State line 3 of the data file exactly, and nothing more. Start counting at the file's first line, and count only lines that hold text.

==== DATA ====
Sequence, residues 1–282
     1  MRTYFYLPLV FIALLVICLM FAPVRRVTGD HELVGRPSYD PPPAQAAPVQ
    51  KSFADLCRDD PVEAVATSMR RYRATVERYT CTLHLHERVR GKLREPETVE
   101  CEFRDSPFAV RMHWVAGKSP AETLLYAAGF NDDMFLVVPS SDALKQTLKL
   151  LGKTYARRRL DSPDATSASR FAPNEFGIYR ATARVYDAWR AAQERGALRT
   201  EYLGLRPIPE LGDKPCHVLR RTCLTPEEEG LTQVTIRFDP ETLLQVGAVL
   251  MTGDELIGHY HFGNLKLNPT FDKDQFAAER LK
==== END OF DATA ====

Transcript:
    51  KSFADLCRDD PVEAVATSMR RYRATVERYT CTLHLHERVR GKLREPETVE